Shearwater knee braces

Taking paddling classes with goal of becoming safer and learning to roll.

The instructor uses whitewater boats for initial roll class and then transitions to sea kayak in practice sessions where you can bring your own boat. He knows I have a CLC boat and says they usually don't have a good enough fit to learn to roll. Particularly he is concerned about the flat knee braces and how securely you can lock into the boat when upside down. He suggests some support on the inner edge of the foam padding to keep your knees from sliding  over the padding to the center of the boat. He believes the force needed to lock into the boat will pevent me from learnig to roll correctly.

Is he correct. I know I've seen the demo boat rolled and I don't remember if the padding was even contoured?

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RE: Shearwater knee braces

The Shearwater offers a pretty snug fit. Any snugger and I would feel cramped.

If you want a little more support to grip onto for rolling to prevent your knee from sliding out (I do not think it will unless you are much smaller than 5'6" and 165 pounds) there are foam knee braces out there available that have a preformed shape that describes what your instructor is looking for.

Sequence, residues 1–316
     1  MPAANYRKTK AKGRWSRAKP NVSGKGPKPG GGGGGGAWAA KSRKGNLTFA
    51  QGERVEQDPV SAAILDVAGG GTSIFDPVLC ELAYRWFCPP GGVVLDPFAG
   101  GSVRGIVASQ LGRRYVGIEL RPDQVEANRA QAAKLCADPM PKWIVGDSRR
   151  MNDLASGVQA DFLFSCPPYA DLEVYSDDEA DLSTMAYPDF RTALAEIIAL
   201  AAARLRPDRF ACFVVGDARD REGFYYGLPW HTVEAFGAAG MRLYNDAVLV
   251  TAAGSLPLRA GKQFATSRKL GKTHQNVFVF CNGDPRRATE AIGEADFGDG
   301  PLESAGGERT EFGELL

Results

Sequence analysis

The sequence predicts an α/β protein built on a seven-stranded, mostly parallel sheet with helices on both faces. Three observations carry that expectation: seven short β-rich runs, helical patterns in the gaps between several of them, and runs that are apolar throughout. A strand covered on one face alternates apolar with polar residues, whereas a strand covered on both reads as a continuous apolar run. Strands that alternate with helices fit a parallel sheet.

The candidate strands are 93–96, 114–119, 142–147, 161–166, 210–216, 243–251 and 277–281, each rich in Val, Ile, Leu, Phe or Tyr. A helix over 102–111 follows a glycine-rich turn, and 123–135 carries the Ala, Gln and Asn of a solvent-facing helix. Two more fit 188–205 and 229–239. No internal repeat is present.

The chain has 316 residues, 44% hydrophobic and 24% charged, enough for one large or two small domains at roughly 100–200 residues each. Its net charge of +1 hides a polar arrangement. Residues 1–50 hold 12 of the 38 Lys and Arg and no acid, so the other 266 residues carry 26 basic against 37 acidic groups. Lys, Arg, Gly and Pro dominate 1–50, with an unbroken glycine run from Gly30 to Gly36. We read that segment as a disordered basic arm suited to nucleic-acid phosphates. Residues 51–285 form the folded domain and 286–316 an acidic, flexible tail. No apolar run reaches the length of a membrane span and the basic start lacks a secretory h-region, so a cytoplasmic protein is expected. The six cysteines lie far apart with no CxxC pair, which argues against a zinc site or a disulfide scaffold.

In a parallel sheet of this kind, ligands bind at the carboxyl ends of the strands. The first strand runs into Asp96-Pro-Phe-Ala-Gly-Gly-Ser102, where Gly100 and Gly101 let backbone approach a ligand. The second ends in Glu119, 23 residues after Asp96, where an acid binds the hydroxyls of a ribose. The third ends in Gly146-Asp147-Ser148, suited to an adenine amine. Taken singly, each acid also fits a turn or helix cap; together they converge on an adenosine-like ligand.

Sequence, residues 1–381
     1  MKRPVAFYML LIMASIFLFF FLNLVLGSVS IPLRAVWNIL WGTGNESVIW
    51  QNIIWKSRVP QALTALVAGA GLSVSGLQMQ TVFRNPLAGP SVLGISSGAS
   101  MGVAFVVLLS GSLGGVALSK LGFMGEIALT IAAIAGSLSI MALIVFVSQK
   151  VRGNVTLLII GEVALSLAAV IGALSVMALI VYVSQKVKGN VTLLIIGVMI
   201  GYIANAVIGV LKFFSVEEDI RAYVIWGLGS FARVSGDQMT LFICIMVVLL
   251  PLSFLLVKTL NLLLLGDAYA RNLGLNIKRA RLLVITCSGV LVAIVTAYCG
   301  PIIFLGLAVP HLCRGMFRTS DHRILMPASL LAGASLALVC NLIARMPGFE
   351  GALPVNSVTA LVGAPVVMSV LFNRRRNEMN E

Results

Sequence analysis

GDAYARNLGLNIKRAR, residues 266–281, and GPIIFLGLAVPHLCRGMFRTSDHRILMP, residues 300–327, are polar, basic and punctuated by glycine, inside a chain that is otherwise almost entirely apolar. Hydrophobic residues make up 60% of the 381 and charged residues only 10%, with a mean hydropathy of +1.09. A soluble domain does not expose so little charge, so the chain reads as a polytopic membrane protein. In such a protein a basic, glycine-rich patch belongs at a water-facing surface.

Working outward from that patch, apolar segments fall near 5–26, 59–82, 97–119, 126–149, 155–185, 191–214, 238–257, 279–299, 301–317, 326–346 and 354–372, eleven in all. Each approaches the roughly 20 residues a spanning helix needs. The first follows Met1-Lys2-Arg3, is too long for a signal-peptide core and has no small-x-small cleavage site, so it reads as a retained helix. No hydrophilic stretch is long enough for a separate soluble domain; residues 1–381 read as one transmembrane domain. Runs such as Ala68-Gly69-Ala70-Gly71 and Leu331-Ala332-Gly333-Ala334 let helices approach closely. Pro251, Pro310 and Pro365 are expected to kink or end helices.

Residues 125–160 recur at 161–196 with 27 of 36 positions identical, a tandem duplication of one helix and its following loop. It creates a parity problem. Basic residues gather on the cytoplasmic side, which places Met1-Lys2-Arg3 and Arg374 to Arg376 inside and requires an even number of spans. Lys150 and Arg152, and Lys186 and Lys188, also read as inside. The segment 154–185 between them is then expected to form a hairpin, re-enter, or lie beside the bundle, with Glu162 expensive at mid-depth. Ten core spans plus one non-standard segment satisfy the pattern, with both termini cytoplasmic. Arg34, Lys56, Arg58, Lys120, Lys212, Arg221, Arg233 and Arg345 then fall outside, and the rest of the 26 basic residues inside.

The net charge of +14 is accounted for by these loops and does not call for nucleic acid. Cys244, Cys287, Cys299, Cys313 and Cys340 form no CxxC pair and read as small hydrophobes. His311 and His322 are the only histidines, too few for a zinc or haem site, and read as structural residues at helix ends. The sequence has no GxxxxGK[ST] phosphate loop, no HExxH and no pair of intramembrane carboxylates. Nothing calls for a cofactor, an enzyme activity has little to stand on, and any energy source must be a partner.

You can also epoxy in a wood hand shaped support and glue generic mini cell foam over it to create your own lock in bracing for your knees.

You can also further snug up your hip bracing the same way.

RE: Shearwater knee braces

Interesting, I've certainly never heard that before.  It might be true of the Chesapeakes, but the Shearwater is a substantially tighter fit than the Chessies.

I have a northbay and just sitting in the boat (I have no thigh or knee braces of any kind) pretty much locks me in if my feet are on the pegs.

The NB has a 20 inch beam,  the shearwater has a 22 inch beam, and the chessies have a 23 or 24 inch beam.

If you're worried about it, bring some extra foam with you to add to the boat after giving it a try.  If he's right you'll be prepared to make mods based on the instructor's recommendations.  If he's not, no harm.




RE: Shearwater knee braces

I included one of CLCs knee brace kits in my 2006 shearwater 16 (21 inch beam).  The kit included two large angled blocks of foam that I glued up under the wooden "knee braces." 

After a bit of foam sculpting, I acheived a very tight, yet comfortable, fit.  The boat rolls really nicely now and is still easy to wet-exit.



RE: Shearwater knee braces


I have a SW 17HB with no pads whatsoever.  No hip pads, no knee pads, and it rolls just fine.  The simplest answer to your questions is to just give rolling a try and decide if you need the pads or not.  I'm 6"2 225, and simply don't need them.

RE: Shearwater knee braces

Birke's advise is very sensible and applicable to all parts of the boat, not just braces. Each boat/paddler combination is unique and you simply don't know what works until you try it.